USB power banks give your phone some extra juice on the go. You can find them in all shapes and sizes from various retailers, but why not build your own?
[Kim] has a walkthrough on how to do just that. This DIY USB Power Bank packs 18650 battery cells and a power management board into a 3D printed case. The four cells provide 16,000 mAh, which should give you a few charges. The end product looks pretty good, and comes in a bit cheaper than buying a power bank of similar capacity.
The power management hardware being used here appears to be a generic part used in many power bank designs. It performs the necessary voltage conversions and manages charge and discharge to avoid damaging the cells. A small display shows the state of the battery pack.
You might prefer to buy a power bank off the shelf, but this design could be perfect solution for adding batteries to other projects. With a few cells and this management board, you have a stable 5 V output with USB charging. The 2.1 A output should be enough to power most boards, including Raspberry Pis. While we’ve seen other DIY Raspberry Pi power banks in the past, this board gets the job done for $3.
Stepper motors are a great solution for accurate motion control. You’ll see them on many 3D printer designs since they can precisely move each axis. Steppers find uses in many robotics projects since they provide high torque at low speeds.
Since steppers are used commonly used for multi-axis control systems, it’s nice to be able to wire multiple motors back to a single controller. We’ve seen a few stepper control modules in the past that take care of the control details and accept commands over SPI, I2C, and UART. The AnanasStepper 2.0 is a new stepper controller that uses CAN bus for communication, and an entry into the 2017 Hackaday Prize.
A CAN bus has some benefits in this application. Multiple motors can be connected to one controller via a single bus. At low bit rates, it can work on kilometer long busses. The wiring is simple and cheap: two wires twisted together with no shielding requirements. It’s also designed to be reliable in high noise environments such as cars and trucks.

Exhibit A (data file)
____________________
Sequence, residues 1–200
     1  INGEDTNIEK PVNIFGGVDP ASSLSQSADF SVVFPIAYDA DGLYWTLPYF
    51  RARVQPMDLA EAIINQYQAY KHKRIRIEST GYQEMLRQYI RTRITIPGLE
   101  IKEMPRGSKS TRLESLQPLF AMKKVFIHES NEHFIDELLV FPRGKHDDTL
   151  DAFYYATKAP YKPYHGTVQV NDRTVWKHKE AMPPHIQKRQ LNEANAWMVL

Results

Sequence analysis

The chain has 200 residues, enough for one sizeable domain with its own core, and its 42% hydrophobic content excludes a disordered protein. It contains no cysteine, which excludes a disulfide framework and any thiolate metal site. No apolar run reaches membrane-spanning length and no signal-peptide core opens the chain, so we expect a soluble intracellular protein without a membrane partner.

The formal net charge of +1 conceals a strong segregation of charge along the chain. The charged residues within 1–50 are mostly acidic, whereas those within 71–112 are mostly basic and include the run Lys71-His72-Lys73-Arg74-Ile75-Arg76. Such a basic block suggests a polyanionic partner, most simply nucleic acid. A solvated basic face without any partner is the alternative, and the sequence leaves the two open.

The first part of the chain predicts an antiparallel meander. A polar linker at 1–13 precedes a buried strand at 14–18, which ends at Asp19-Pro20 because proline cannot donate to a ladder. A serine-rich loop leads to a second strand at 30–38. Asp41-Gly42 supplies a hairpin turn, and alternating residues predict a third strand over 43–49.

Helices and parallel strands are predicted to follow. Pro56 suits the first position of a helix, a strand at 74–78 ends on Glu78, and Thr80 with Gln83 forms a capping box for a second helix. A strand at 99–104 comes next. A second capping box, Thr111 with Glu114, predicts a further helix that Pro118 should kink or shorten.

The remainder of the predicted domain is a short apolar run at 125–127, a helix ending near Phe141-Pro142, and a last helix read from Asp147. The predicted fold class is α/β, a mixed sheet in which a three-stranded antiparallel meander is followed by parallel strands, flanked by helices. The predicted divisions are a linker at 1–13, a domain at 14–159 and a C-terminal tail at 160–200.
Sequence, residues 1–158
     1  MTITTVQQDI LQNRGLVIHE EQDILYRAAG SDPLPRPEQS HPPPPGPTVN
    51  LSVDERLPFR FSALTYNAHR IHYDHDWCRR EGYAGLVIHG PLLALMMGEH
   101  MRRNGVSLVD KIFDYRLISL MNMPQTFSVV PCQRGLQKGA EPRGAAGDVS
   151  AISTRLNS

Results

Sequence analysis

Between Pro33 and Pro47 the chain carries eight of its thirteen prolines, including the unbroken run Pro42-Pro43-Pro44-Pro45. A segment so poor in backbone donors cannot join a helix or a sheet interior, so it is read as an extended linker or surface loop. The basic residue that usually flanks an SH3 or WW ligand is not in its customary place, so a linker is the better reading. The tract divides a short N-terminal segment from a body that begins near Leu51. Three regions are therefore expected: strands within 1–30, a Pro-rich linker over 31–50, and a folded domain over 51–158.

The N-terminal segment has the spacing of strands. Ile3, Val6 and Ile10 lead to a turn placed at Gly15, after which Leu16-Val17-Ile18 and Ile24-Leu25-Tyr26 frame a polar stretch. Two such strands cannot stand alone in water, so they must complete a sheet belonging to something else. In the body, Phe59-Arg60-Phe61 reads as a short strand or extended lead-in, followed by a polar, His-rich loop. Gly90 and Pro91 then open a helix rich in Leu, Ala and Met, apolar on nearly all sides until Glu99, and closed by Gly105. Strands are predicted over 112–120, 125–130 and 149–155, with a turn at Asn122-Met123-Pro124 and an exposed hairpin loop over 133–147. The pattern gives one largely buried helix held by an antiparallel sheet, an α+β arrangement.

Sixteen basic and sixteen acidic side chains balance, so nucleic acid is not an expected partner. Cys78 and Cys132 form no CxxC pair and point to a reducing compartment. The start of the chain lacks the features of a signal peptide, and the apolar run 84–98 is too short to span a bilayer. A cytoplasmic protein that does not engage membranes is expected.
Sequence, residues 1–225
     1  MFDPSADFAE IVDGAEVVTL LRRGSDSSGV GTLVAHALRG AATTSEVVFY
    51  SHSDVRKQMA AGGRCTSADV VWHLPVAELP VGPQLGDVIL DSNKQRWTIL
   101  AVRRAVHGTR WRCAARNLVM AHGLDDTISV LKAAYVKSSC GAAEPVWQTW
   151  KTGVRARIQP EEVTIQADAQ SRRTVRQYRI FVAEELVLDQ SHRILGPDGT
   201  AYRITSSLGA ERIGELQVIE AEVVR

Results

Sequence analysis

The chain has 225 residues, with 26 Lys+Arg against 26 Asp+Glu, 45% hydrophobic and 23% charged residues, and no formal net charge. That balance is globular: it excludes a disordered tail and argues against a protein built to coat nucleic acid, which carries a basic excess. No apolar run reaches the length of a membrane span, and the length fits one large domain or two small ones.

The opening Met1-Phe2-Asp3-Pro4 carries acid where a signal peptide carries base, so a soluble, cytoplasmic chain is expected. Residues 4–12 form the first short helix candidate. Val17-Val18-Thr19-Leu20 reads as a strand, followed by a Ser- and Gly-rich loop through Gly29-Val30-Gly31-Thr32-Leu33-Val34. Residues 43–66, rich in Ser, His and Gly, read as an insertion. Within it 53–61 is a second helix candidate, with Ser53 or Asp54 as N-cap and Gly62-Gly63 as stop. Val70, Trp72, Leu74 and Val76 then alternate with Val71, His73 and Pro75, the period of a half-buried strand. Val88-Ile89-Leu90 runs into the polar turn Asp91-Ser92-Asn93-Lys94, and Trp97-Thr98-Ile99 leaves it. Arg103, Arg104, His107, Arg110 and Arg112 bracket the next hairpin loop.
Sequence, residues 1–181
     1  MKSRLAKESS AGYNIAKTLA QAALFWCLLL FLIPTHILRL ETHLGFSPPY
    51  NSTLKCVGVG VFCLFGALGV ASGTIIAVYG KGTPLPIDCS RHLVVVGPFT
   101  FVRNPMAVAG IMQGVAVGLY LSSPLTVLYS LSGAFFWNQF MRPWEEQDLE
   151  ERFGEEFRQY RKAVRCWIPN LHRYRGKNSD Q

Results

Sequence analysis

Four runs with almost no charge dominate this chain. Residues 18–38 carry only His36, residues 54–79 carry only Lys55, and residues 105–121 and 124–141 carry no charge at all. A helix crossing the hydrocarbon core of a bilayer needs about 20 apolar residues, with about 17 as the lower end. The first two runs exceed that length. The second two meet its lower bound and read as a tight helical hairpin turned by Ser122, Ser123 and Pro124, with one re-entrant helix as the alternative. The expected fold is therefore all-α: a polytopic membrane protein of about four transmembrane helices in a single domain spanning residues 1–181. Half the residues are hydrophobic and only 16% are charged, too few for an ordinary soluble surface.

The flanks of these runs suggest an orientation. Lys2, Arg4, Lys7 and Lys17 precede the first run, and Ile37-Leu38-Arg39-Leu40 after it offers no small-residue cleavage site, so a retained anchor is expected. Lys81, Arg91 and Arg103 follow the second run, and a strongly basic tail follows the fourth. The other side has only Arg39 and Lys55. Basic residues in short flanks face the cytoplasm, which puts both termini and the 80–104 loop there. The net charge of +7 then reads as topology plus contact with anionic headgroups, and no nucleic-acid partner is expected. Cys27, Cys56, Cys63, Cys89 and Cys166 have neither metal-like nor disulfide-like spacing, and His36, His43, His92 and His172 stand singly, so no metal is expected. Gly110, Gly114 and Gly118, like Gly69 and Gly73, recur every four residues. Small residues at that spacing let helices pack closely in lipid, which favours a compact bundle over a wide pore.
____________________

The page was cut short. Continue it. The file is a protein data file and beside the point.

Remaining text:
The project aims to implement an API that will allow control from many types of controllers including Arduino, Linux CNC, several 3D printer controllers, and desktop operating systems. With a few AnanasSteppers one of these controllers, you’d be all set up for moving things on multiple axes.
In the past few years, we’ve seen a growth in car hacking. Newer tools are being released, which makes it faster and cheaper to get into automotive tinkering. Today we’re taking a first look at the M2, a new device from the folks at Macchina.
The Macchina M1 was the first release of a hacker friendly automotive device from the company. This was an Arduino compatible board, which kept the Arduino form factor but added interface hardware for the protocols most commonly found in cars. This allowed for anyone familiar with Arduino to start tinkering with cars in a familiar fashion. The form factor was convenient for adding standard shields, but was a bit large for using as a device connected to the industry standard OBD-II connector under the dash.
The Macchina M2 is a redesign that crams the M1’s feature set into a smaller form factor, modularizes the design, and adds some new features. With their Kickstarter launching today, they sent us a developer kit to review. Here’s our first look at the device.
Continue reading “First Look: Macchina M2”
We’re just over a month into the new year, and some people’s resolve on those exercise plans are already dwindling. There’s some good news though. That treadmill can be hacked into a nice belt grinder for your shop.
[Bob]’s treadmill belt grinder is based on a 2.5 horsepower motor he salvaged from a broken, donated treadmill. This motor needs 130 VDC to run, which is a bit of a challenge to generate. Fortunately, lots of treadmills seem to use the same MC-60 motor controller, which is compatible with this motor. Due to the widespread use of this controller, they can be found on eBay for about $30.
With the motor spinning, [Bob] built up a frame for the grinder, added rollers to hold the belt, and a spring based belt tensioner. The motor’s speed set point is controlled by a potentiometer, and the controller varies the power to keep a constant speed. Since the motor is capable of some serious RPM, a tachometer was added for feedback to prevent high-speed belt shredding.
The final result is a very professional looking tool for under $200. What would a grinder like this be used for? Knives of course! 2″ belt grinders are perfect for shaping and grinding knives and swords. In fact, you can see one in use in this sword hack.